The fight has so far cut more than $3.9 billion off McGraw- Hill’s market value, pushed the yields on its $400 million of bonds due November 2037 to the highest level since March 2011 and may threaten company’s viability.
S&P says it will “vigorously” defend itself from claims the company says are without merit. The Justice Department says it’s ready for court. It also doesn’t rule out renewed talks.
Because S&P is the only ratings company sued by the U.S. so far, some in the financial community say the case is retribution for the 2011 decision by S&P to downgrade U.S. debt.
“Why S&P? They didn’t do anything that Moody’s or Fitch didn’t do,” said Peter Schiff, chief executive officer of the brokerage firm Euro Pacific Capital Inc, based in Westport, Connecticut, in a telephone interview. “The whole thing to me stinks and looks like it’s their way of getting back at S&P.”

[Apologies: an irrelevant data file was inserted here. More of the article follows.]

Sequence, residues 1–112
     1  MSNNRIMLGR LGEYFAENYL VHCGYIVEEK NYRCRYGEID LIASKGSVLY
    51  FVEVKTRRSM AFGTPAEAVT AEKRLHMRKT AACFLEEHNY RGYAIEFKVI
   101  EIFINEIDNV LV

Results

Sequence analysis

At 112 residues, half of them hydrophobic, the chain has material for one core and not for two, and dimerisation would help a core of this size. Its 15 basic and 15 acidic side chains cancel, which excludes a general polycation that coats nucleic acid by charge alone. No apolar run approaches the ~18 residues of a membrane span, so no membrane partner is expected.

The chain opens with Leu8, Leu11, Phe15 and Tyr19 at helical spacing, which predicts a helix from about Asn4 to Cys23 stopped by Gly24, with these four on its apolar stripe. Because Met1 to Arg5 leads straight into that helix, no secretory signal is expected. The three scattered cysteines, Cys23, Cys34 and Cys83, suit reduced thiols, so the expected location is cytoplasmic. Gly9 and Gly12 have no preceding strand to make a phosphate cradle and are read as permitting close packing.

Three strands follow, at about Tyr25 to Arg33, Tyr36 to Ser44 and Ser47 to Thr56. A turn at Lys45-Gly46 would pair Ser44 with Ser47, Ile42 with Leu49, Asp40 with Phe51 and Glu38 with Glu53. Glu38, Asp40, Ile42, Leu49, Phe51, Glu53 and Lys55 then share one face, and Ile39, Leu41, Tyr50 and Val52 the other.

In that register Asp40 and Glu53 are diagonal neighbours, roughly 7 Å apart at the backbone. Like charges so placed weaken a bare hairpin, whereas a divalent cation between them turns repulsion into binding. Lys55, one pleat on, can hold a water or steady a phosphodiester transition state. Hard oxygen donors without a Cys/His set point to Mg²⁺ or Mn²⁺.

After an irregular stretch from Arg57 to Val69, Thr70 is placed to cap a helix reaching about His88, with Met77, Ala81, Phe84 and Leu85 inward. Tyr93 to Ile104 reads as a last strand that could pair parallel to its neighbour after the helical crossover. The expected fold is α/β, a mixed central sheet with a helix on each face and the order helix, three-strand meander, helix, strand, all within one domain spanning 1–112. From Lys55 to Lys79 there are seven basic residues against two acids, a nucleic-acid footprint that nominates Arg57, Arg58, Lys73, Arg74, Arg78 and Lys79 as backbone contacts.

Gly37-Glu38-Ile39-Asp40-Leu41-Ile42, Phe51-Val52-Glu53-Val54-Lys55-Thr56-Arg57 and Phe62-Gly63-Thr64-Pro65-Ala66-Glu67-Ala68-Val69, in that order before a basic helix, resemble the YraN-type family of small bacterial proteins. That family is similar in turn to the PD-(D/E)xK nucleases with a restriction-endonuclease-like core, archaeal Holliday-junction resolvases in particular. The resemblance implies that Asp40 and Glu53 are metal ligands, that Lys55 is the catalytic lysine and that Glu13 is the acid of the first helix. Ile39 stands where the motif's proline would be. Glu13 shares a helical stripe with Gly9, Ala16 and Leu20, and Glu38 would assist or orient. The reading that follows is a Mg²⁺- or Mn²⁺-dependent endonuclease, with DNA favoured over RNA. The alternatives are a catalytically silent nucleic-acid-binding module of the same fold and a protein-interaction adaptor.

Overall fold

Holder, the attorney general who has been in the Obama administration since 2009 as officials first started figuring out what to do about the ratings companies, denies any link.
“They did what they did assessing what the creditworthiness was of this nation,” Holder said at a Feb. 5 press conference in Washington announcing the S&P suit. “But they are not in any way connected.”
The administration’s criticism of the quality of S&P and other raters’ products predates the downgrade, starting soon after Obama took office.
“Credit ratings often failed to accurately describe the risk of rated products,” the Treasury Department said in the financial regulationWhite Paper presented by then-Treasury Secretary Timothy F. Geithner to lawmakers.
The white paper, developed in the first months of 2009, Obama’s first year in office, would serve as the basis for the congressional proposals to come. One stated goal was to “reduce the incentives for over-reliance on credit ratings.”